President Obama exercised his authority under the Antiquities Act of 1906 on Friday and made Chimney Rock a national monument. With that, the site can now get the national recognition and protection it deserves.
It was the right move, one that will directly benefit this area while broadening all Americans’ access to the rich cultural heritage of the American Southwest. The president’s decision was made all the more positive by grass-roots and bipartisan nature of the process leading up to it.
Chimney Rock is far more than an interesting geological formation. It is an important reminder of the Ancestral Puebloans’ culture and creativity. The acknowledgement of that implicit in the bestowing of monument status is another step toward seeing each related archeological site, not just as isolated gems, but as integral parts of a vast and seminal civilization.
The 4,726-acre Chimney Rock site in particular can offer insight into that ancient culture. As the president’s proclamation says, it “is one of the best recognized archaeoastronomical resources in North America. Virtually all building clusters have views of Chimney Rock and Companion Rock, which frame multiple astronomical alignments and illustrate the Ancestral Pueblo People’s knowledge of astronomy.”
Its meaning and importance, however, are not merely historical or archaeological. As the president said, “Today, descendents of the Ancestral Pueblo People return to this important place of cultural continuity to visit their ancestors and for other spiritual and traditional purposes. It is a living landscape that shapes those who visit it and brings people together across time.”
That can be true for non-Native visitors as well. It is not necessary to share an ethnic tie to derive meaning from the past. In fact, individuals from other cultures, other areas and other countries have much to gain from a greater understanding of this area’s past and the richness of pre-Columbian America. Seeing sites such as Chimney Rock, Mesa Verde, Canyons of the Ancients or Chaco as parts of a larger cultural tapestry brings their importance into sharper focus.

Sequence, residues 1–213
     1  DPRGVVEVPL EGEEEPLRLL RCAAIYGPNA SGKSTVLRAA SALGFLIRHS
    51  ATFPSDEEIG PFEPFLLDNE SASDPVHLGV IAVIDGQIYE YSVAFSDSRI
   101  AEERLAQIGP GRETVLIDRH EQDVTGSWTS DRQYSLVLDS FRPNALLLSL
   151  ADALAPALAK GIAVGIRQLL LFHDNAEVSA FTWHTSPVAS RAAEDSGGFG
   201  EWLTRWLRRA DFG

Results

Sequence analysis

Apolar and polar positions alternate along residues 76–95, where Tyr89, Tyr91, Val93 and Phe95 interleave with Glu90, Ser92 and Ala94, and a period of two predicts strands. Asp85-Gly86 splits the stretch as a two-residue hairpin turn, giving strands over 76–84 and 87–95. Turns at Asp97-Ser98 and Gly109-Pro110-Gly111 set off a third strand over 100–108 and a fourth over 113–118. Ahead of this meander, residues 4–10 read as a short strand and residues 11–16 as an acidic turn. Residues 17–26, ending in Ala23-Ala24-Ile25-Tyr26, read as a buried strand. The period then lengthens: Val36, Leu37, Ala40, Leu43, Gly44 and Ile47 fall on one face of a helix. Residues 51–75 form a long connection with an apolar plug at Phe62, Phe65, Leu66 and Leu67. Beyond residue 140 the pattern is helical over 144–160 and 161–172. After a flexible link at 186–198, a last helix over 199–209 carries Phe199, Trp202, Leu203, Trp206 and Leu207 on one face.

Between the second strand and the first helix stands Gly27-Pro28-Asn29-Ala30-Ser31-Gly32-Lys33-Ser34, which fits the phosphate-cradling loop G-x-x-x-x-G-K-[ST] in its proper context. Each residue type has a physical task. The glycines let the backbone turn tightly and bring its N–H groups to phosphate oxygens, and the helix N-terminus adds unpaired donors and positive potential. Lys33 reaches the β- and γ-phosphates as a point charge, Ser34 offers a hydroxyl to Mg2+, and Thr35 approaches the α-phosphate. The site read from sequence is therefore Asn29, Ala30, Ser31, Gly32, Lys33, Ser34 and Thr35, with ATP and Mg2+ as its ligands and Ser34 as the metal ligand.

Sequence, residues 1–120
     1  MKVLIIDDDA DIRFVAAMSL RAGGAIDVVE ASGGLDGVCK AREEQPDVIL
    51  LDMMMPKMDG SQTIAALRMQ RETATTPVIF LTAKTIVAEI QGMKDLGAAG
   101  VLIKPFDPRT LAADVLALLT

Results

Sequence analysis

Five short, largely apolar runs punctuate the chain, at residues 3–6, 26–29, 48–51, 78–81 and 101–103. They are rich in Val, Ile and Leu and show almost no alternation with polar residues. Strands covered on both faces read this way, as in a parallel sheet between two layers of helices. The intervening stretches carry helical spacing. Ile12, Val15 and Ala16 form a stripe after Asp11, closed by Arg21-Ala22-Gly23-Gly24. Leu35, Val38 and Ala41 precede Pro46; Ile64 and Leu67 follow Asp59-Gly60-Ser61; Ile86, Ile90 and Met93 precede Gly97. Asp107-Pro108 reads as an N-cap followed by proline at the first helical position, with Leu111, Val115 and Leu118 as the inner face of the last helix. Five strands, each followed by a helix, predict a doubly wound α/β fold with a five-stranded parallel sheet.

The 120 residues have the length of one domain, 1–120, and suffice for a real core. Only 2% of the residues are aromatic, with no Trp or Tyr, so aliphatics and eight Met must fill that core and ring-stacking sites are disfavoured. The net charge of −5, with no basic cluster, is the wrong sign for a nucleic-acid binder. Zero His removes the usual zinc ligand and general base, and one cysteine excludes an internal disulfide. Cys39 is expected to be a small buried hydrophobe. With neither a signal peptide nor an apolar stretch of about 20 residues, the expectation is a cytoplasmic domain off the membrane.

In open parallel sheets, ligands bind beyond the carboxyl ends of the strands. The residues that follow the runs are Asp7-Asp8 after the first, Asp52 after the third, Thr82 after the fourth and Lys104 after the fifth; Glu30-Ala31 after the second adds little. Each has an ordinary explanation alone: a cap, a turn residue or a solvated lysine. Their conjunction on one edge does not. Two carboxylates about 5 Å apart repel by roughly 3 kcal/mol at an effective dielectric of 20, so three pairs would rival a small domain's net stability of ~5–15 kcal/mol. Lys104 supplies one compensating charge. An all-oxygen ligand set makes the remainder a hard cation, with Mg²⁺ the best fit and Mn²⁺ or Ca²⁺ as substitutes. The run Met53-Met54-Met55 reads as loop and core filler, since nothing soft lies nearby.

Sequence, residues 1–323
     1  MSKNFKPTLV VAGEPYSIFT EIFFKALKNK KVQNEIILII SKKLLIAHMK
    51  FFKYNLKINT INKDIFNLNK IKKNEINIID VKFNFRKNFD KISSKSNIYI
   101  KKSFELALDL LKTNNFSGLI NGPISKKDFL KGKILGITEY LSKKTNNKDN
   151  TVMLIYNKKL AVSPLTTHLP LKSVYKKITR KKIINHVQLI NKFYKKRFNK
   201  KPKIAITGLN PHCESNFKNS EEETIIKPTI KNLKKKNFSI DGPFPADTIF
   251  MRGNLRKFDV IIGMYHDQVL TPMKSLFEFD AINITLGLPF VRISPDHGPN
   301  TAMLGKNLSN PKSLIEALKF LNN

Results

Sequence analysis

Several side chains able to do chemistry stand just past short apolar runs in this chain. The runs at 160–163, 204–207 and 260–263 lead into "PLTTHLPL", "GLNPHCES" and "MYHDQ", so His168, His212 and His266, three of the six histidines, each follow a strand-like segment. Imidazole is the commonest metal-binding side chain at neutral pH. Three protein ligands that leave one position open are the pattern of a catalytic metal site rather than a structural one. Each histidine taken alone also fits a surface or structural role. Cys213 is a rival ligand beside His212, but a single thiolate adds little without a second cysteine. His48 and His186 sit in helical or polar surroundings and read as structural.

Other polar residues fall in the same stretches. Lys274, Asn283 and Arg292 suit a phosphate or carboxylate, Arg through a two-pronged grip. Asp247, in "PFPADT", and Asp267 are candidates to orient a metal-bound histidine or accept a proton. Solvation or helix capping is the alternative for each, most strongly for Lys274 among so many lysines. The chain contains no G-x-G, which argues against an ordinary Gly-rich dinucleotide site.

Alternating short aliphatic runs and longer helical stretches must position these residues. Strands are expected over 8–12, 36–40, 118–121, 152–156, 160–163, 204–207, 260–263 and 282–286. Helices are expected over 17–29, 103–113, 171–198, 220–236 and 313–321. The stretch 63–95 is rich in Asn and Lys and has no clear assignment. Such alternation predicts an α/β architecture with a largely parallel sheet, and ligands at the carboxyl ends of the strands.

It also might put them on more people’s radar. The boost to tourism possible through the greater visibility conferred by monument status is not limited to more people, more rooms and meals, or more T-shirts sold. As welcome as those would be, a qualitative shift is possible as well. With travel centered on cultural values and interest in antiquities adding to the love visitors have always had for the scenery of the Southwest, interest in visiting the area can only expand – including to Europe, Asia and other parts of the Americas.
Perhaps best of all is how this came to be. President Obama signed the executive order making Chimney Rock a national monument, but he did so only after seeing a broad-based, bipartisan show of support for monument status.
Local governments, business groups, citizen activists and the National Trust for Historic Preservation all lined up behind the effort.
At the national level, a bill to make Chimney Rock a national monument was first introduced into the U.S. House by then-Rep. John Salazar, a Democrat. His successor, Rep. Scott Tipton, R-Cortez, wisely put partisanship aside, took up the cause and got the bill passed. Similar legislation was sponsored in the Senate by Colorado’s Mark Udall and Michael Bennet, both Democrats. That bill, however, was caught up in the general dysfunction of the Senate and went nowhere.
This is an election year, Colorado is a key swing state, and everything reflects on the election. But with the widespread backing evident for making Chimney Rock a national monument this cannot be dismissed as a political stunt on Obama’s part.
Instead, let’s just see it for what it is – a win for Southwest Colorado. And for that, thanks to all concerned.